Sen. Ron Johnson, a Wisconsin Republican whose state is the site of the nation's most recent deadly shooting spree, this time at a Sikh temple, has benefitted from more than $1.3 million from gun rights groups, far more than any other member of Wisconsin's congressional delegation.
Overall, gun rights groups and associated individuals, dominated by the National Rifle Association (NRA), have poured $1.6 million into campaigns involving members of the Wisconsin congressional delegation, according to a search on Influence Explorer. In contrast, gun control groups have spent $11,300 since 1989.
Tea party enthusiast Johnson won a much-watched race in 2010 against incumbent Democrat Russ Feingold which drew siginficant outside spending. The NRA money flowed into Johnson's campaign, or came in the form of independent expenditures designed to help him, after the gun rights group formally endorsed the GOP challenger in late September before his election.
"Ron Johnson will be a strong voice in fighting ongoing efforts by anti-gun politicians to dismantle the Second Amendment," predicted Chris W. Cox, the NRA's lead lobbyist.
After the mass shootings in a Colorado movie theatre two weeks ago, Johnson appeared on Fox News Sunday and defended Americans' right to own guns. “This isn’t an issue about guns,” he said. “This is really an issue about sick, demented individuals. It's a tragedy, and I don't think there’s a solution in Washington to solve that problem. … other than look to our families, look to our communities, starting with our education system. We've got to re-instill values in what we're teaching our children. We need to look at families and the education system.”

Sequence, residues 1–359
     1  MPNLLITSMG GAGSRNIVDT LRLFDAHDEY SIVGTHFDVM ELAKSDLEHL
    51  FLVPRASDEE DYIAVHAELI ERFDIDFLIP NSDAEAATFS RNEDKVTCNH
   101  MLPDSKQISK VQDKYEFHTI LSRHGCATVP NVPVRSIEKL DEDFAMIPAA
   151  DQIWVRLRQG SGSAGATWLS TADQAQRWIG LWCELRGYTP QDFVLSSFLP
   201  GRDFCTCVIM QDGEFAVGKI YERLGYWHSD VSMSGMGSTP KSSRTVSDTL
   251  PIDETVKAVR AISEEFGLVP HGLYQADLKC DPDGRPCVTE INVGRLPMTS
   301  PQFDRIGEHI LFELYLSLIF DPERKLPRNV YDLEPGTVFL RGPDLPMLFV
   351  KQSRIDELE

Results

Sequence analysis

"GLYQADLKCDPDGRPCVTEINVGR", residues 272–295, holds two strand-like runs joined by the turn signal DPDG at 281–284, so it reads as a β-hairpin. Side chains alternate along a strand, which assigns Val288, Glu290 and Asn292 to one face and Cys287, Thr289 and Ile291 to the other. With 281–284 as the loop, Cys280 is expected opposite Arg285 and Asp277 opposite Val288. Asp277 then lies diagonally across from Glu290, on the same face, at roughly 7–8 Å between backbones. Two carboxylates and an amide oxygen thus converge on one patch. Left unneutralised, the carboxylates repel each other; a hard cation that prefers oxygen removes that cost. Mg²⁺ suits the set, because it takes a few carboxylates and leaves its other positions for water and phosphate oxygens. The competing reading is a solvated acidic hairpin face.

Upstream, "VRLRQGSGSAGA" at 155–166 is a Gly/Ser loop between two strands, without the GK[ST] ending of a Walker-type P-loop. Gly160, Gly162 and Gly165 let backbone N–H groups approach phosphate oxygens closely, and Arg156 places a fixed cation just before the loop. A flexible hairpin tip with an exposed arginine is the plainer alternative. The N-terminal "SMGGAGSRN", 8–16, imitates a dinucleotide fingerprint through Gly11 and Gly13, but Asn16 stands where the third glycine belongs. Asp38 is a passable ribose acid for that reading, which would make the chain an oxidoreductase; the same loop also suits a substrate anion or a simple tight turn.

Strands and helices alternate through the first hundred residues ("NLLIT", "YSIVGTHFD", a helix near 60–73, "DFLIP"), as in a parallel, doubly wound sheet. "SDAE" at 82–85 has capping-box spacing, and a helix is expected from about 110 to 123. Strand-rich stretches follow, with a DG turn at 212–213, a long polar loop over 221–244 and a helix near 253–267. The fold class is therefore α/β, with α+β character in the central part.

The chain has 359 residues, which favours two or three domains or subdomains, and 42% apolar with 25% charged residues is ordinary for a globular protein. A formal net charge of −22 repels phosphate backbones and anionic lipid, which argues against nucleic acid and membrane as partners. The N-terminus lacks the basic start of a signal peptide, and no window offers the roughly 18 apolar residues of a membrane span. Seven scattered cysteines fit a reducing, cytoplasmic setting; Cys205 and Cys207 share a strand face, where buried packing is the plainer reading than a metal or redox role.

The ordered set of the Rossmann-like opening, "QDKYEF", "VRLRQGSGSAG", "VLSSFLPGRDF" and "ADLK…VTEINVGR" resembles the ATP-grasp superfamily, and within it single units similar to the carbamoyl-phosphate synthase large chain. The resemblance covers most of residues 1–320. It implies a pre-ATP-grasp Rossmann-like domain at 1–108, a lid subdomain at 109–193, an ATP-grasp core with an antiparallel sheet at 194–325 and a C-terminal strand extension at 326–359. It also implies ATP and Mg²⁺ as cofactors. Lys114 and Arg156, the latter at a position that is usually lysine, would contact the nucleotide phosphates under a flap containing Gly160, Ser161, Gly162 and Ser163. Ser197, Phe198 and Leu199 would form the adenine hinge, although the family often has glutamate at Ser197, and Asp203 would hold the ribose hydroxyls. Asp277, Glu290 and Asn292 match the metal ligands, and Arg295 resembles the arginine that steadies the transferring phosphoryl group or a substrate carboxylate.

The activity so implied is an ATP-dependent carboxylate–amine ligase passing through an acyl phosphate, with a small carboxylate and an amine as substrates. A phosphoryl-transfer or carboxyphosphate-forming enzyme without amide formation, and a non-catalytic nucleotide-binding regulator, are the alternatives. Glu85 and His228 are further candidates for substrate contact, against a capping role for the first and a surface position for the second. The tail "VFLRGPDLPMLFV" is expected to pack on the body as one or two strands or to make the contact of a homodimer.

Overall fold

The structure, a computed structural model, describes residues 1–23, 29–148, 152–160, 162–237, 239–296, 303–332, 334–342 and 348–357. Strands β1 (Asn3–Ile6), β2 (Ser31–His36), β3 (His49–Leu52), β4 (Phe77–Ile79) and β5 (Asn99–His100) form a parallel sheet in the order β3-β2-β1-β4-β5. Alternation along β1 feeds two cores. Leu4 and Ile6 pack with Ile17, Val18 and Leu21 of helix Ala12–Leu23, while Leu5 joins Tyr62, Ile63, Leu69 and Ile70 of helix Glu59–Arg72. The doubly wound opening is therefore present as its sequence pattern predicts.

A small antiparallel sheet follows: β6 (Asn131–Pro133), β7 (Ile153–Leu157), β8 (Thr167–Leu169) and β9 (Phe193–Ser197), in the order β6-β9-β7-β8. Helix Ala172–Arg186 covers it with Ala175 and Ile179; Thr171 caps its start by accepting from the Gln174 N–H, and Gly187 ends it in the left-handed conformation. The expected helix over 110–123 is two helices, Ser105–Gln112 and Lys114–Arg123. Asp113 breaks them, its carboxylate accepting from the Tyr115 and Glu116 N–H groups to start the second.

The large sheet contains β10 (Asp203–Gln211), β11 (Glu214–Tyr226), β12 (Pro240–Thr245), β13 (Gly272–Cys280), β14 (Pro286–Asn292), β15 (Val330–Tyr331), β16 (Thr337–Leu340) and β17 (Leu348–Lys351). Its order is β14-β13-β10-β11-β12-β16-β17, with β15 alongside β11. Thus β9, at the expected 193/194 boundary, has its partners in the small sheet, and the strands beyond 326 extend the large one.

On Sunday, after gun violence hit his own state, Johnson released the following statement: "Our thoughts and prayers are with the victims and the families of yet another senseless act of violence in America. I have full confidence in the legal authorities that will be investigating this heinous crime."
Other members of the Wisconsin delegation have benefited from gun rights money, but the amounts are much smaller and spread over a longer period of time. Republican Rep. Paul Ryan has gotten $129,946 worth of help since 1998 elections, when he first won a seat. Rep. Tom Petri has benefitted from $30,122 in spending since 1989, when computerized campaign finance records first were posted. And Rep. James Sensenbrenner has benefited from $22,013 of gun rights spending.
The NRA also spent $10,000 this year to support Republican Gov. Scott Walker, who was facing a recall election.
To see the details on gun rights and gun control groups' spending on Wisconsin congressional contests, click here.
(Photo credit: Office of Sen. Ron Johnson)